Book Review: Nemesis Games
Readers, it's time to go back to the world of The Expanse! I read Nemesis Games this month, and it's getting good, y'all.
The fifth book in The Expanse sits a little closer to home than its predecessor. Humanity is setting out for the stars. The Roci is in "drydock" for repairs after all the damage sustained in Cibola Burn, and the crew (except for Holden) set out on personal missions. Alex returns to Mars to see his ex-wife, only to get embroiled in an investigation of disappearing Martian resources, alongside Bobbie Draper. Naomi goes to Ceres to meet up with the radical OPA, lured by her ex who tells her that their son is in danger. Amos goes to Earth to look into the death of someone from his past, and ends up reuniting with Clarissa Mao. And when the radical OPA strikes at both Tycho Station and Earth, Holden teams up with Fred to investigate.
Unlike the previous four books, the external plot isn't the focus here. Don't get me wrong, there is one and it's definitely exciting. Ships get attacked, rocks finally fall on Earth, etc. It's written at Corey's usual breakneck pace, and it's not the kind of book you get stuck in.
But more than any of the other Expanse books, this one is focused tightly on the personal stakes. We get the follow-up from Cibola Burn when Alex goes to see his ex, a super ill-advised decision. But in the process, he sees firsthand how Mars is changing and turning into a ghost planet now that the ring gate is open. And he realizes that the Roci is truly his home.
Amos gets more backstory because he spends the novel on Earth amid characters from his past, and we see clearly why he gravitates toward someone like Holden - he needs a moral compass, because without one, he's capable of terrible things. He and Clarissa work very well together; he's basically sharing his "moral compass" model with her, and in the process, she realizes that she can try to be better.
An un-moored Holden struggles with the crew gone. They're his family, and nothing feels right when they're not there. He's also grown up quite a bit; he no longer feels the need to trumpet everything to the entire galaxy. He realizes now that sometimes things must be done in secret.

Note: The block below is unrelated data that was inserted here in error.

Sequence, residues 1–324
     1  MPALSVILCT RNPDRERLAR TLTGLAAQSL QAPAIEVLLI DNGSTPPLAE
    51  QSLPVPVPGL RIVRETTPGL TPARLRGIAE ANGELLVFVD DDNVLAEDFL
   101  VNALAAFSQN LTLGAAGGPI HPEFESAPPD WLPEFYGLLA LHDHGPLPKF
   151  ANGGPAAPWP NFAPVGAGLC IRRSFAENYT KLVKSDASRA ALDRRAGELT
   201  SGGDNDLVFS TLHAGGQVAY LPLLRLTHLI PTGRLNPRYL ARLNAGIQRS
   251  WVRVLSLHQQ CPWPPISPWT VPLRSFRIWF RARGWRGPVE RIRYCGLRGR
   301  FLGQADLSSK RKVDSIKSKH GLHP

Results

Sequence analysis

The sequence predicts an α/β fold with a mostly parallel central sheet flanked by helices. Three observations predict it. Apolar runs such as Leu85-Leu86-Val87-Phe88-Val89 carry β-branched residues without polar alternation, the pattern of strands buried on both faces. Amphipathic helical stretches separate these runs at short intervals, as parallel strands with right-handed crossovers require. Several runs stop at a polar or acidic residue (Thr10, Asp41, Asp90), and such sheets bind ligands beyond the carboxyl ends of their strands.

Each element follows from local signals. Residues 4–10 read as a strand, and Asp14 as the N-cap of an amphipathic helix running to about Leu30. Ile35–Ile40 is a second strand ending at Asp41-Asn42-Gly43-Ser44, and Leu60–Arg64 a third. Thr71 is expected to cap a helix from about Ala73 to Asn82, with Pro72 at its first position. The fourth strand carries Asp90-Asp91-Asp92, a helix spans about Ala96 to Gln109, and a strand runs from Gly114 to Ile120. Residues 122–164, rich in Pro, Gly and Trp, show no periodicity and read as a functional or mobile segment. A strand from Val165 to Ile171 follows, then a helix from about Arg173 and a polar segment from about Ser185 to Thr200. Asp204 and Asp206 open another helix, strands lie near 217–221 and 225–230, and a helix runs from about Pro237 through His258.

But the real treat of this book is Naomi. This is her book, and her emotional journey is at its core. The series has never dug into Naomi's past before, but here we get it in spades. She was part of the radical OPA, not really knowing what that meant, and she even had a son with one of its leaders, Marco. But when she was recovering, Marco used her boredom; Naomi ended up writing code that the OPA used to attack ships. Naomi didn't want anything to do with that, but she felt trapped by Marco, who used their son to keep her with him. It got so bad she tried to commit suicide. Eventually, she couldn't take it anymore and left.
Now Marco has lured her back, but it's only to trap her again. Naomi struggles to face the son she abandoned, and she struggles to face the man who emotionally abused her. But eventually she finds the strength to stand up to him; she finds the strength to be honest with her son about why she left, and why he should too. And then she finds the incredible emotional and physical strength to escape alone (and save her crew in the process). The book's climax, where an exhausted Naomi, alone on a tumbling ship, manages to do enough to survive, will leave a deep impression.
On top of this, we get the best villain Corey has written yet. I'm not referring to Marco, necessarily, though he's definitely the face of it. But here the OPA's motivations are crystal clear and understandable, not the cartoonish bad guy motivations in the previous books.
With humanity streaming through the ring gate and a wealth of planets available for the taking, Belters have no niche left. They can't survive down a gravity well, not without considerable painful therapy. They've evolved to live in space exclusively, except now there's no need. So they decide to create a need by doing what they've always threatened and dropping rocks on Earth. It's terrifying, because the one planet that's always been hospitable, always our home, will never be the same after this book.
Nemesis Games shines for the detail it lavishes on the characters. And its ending sets up a level of excitement for the next book that I haven't yet experienced. Will the Earth become inhabitable? Can Earth and Mars hold against the OPA? And what is attacking the ships that travel through the ring gates?
I'm so hype for Babylon's Ashes, y'all.